If you use heat lamps in frigid temperatures, now is a great time to get them out of storage and get them set up. Inserting hooks for hanging is a lot more challenging at ten below zero, and you won’t want to wait until the chickens are freezing to find out that your heat lamp bulb is burnt out.

Don’t forget the bedding. Shavings, sawdust, straw – whatever you use, make sure you get a little ahead on your supplies.


5. Ensure Everybody’s Safety

You will want to keep your livestock in their pens, for their safety and yours. Make sure your fences are in good shape. If they are leaning or loose now, they certainly won’t support a snow load in January.

Remember, you won’t be able to pound new fence posts in then, either. Shore them up now, even if the best you can do is a temporary fix.

Check your gates. You’ll want solid latches and hinges in good repair before snow flies.

If your fence posts have sunk into the ground over time so that your gate is barely clearing the ground, you might want to raise it up a little to clear packed snow and ice. Consider the direction the gates open, too. For our first winter, we had a gate to the goat pen that opened in and opening it after a major snowfall was like plowing snow with the gate. It was challenging enough that we made it a point to put different hinges on it that next summer, and now the gate opens both in and out.

If you use portable electric mesh, it is the time of year to be vigilant about the weather. A big early snowstorm can knock your fence down into the snow, and a sudden freeze-up can cement your posts into the ground. It is made of thin delicate wiring designed to carry a heavy electric charge but not able to withstand a heavy load of snow or ice. We like to keep ours out as late in the year as we can, and we have cut it pretty close some years. More than once, we have found ourselves racing around the field and forest pulling up hundreds of feet of fencing, sometimes in twenty-degree sleet or by flashlight.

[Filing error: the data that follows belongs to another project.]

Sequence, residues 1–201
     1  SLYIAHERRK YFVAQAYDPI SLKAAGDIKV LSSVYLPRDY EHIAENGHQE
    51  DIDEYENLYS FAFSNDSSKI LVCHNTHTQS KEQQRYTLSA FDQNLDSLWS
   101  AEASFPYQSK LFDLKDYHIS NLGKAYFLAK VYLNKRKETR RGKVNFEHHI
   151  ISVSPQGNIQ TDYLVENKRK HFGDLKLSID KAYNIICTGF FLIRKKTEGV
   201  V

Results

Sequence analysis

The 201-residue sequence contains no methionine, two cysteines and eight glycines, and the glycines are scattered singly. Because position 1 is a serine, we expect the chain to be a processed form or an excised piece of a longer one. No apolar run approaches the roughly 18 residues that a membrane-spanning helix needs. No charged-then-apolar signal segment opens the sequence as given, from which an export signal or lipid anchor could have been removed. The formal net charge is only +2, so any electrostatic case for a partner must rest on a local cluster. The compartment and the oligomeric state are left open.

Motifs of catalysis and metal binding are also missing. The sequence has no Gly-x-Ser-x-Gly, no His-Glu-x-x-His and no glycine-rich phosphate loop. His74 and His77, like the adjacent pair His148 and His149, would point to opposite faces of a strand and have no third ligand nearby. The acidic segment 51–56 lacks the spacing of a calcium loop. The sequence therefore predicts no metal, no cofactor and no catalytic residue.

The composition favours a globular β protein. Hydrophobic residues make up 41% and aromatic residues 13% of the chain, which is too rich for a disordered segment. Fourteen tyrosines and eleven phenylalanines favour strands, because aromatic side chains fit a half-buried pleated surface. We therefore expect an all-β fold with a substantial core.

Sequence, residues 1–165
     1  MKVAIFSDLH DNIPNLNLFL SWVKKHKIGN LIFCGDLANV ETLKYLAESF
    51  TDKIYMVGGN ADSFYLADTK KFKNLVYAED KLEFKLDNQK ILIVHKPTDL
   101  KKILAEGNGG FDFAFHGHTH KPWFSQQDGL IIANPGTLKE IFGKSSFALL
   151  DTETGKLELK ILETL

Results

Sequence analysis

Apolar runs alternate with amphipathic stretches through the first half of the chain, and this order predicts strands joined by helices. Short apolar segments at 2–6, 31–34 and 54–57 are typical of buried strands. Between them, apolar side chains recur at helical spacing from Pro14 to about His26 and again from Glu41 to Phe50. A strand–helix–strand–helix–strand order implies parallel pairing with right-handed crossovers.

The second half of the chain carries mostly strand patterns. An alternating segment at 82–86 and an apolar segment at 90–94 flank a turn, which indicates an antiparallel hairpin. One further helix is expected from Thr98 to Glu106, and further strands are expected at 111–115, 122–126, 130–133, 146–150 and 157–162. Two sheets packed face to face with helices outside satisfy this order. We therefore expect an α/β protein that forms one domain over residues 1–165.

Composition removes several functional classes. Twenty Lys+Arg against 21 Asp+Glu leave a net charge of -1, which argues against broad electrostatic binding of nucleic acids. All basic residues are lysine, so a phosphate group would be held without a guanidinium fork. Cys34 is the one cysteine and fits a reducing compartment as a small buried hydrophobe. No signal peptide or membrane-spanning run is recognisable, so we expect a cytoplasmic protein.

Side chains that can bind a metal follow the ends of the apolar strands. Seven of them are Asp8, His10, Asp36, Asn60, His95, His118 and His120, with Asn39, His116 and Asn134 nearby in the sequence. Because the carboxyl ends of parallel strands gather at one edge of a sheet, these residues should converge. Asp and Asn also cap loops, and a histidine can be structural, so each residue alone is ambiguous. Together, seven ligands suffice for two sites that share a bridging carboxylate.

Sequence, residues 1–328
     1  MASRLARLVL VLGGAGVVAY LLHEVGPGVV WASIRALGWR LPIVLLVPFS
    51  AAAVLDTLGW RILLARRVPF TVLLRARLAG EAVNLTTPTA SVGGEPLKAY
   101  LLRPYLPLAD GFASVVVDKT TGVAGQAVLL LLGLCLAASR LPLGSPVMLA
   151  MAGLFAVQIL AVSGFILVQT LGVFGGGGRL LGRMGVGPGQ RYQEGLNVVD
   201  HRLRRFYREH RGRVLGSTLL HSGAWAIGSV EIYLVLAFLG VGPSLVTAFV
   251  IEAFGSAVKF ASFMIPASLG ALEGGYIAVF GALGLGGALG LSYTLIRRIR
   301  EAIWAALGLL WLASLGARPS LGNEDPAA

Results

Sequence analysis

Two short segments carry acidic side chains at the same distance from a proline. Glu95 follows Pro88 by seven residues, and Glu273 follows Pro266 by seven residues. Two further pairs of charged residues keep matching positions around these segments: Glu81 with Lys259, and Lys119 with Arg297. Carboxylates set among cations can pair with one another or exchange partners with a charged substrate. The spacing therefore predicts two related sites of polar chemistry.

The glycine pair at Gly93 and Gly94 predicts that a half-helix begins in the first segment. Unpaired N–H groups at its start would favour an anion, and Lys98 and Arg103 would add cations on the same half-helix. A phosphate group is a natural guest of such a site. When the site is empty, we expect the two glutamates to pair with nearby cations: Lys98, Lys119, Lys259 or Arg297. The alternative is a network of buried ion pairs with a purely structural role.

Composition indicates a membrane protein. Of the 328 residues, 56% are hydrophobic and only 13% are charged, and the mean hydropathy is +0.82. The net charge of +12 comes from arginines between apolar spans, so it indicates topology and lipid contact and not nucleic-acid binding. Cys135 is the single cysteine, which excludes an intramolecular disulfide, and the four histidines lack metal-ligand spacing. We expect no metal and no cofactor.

Beyond the five basic homestead need, there are a few other barn winter tips to remember to make your life easier while caring for livestock in winter. First, you’ll want to have a sturdy shovel and a good supply of deicer for your barnyard access and to clear gates and paths for the animals to move around. And don’t forget to check your supply cabinet or tack room – if it’s unheated, move all the liquids and equipment that can be damaged by cold into the house.


Need more livestock and barn winter tips? Check out this video from AQHA Video:

With animals, and in life in general, there are no guarantees that everything will go as planned. You cannot prevent every accident and plan for every contingency. But if you pay real attention to the four basic needs of your livestock right now, life will be easier for humans and animals alike when your winter life starts to happen.

How do you prepare for winter? Did you find these barn winter tips helpful and interesting? Let us know what are your thoughts about these barn winter tips in the comments section below.

Up Next: 8 Winter Readiness And Safety Tips For Homesteader

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Editor’s Note – This post was originally published on December 2016 and has been updated for quality and relevancy.